Father’s Day is a newer tradition than Mother’s Day in most countries. In the U.S., it became an official, nationwide holiday in 1972, 58 years after Mother’s Day. Dads still don’t receive quite as much love as moms when it comes to gift giving: in the U.S. consumers have typically spent less for Father’s Day than Mother’s Day. (Consumers were expected to spend $25 billion on gifts for mom in 2019.)
But the National Retail Federation predicted that American consumers will spend a record $16 billion on gifts for dad this year (a growth of 70% over the last decade). A large proportion of this gift buying takes place online: a recent survey of 7,591 consumers found that 34% planned to shop online this year.
Father’s Day traditions vary widely.
Like Valentine’s Day and Mother’s Day, Father’s Day is a rewarding holiday for cross border e-commerce retailers, but it’s crucial to remember that it’s celebrated on different days in global markets.
Many countries, including Canada, the U.S., the U.K., France, Greece, Mexico, Japan, South Africa, and India, celebrate Father’s Day on the third Sunday in June. Dates vary worldwide, however. Families in Australia and New Zealand, for example, fete their fathers on the first Sunday in September. In Thailand the date is December 5 and in Brazil the holiday occurs on the second Sunday in August. In Catholic Europe, Father’s Day is often celebrated on March 19. In some countries, father figures such as older brothers, uncles and family friends are also honored.
In addition to this wide timeline of dates, Father’s Day celebrations vary widely around the world. Here’s a snapshot of how the holiday is observed in major global markets:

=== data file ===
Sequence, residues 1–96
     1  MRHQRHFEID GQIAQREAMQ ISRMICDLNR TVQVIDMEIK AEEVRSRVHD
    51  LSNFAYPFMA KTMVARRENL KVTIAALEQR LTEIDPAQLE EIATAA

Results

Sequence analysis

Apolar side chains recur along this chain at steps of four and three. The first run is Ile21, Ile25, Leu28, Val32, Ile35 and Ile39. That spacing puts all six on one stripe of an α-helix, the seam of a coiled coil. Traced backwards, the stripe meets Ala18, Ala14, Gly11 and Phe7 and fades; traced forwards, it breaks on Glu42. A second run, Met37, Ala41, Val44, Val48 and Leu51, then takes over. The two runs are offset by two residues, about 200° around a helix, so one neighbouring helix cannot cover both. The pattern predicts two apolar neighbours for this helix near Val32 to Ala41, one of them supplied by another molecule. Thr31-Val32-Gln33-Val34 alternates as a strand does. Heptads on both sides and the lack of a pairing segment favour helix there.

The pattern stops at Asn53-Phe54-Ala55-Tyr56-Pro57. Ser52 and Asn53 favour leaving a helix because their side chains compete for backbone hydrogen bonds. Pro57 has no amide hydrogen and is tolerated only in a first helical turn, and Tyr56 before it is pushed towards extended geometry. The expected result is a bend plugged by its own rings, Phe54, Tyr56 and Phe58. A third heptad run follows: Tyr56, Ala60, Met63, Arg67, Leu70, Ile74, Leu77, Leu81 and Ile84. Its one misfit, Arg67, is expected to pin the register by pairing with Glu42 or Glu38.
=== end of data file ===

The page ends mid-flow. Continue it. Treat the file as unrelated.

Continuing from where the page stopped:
- The official flower of Father’s Day is the red rose, a tradition that began in the U.S. While flowers are no longer a core element of most celebrations in the U.S., they are in other countries. In Thailand, for example, where Father’s Day occurs on the same day as the king’s birthday, dads are offered Canna lilies and other flowers.
- In Germany, Father’s Day is celebrated 40 days after Easter, which coincides with Ascension Day. But the holiday is less about celebrating dad and more about male bonding, going on hikes, and enjoying rowdy pub crawls. Indeed, Germany might be the only country where hanging out with offspring is not a central part of traditional festivities. Food and beer baskets are popular gifts.
- In the Netherlands, dads enjoy breakfast in bed and receive homemade gifts from their children. Food and beverage items have been the most frequently purchased presents in recent years. Dining out is also popular.
- Father’s Day is very important in Mexico. During the annual 21km race held in Mexico City, children and fathers run side by side. Father figures, including big brothers and other important male relatives or friends, are also celebrated on this day. Sharing a meal with the extended family is an integral element of the holiday.
- In Spain, Father’s Day is celebrated on St. Joseph’s Day, and a big family meal is an integral element.
- In Japan, Father’s Day was not widely celebrated until the 1980s and gift buying still lags behind countries like the U.S. Recently, consumers have been spending more on presents for dad, with daughters being more active purchasers than sons. Beer, sake, and gourmet foods are popular gifts.
- Father’s Day is also a relatively new tradition in India. It’s celebrated in large cities such as Mumbai and New Delhi but usually not in rural areas. As in the U.S., kids give their fathers a range of gifts, including electronic gadgets, books and clothing.
Father’s Day offers opportunities for cross-border retailers in certain markets where gift giving is a common tradition. However, it’s crucial to time your campaigns, keep local traditions top of mind, and carefully target your product to each global market.
To stay up to date on global gift-selling holidays, from Valentine’s Day to Christmas, download Flow’s Gift Sellers Guide to Global Holidays.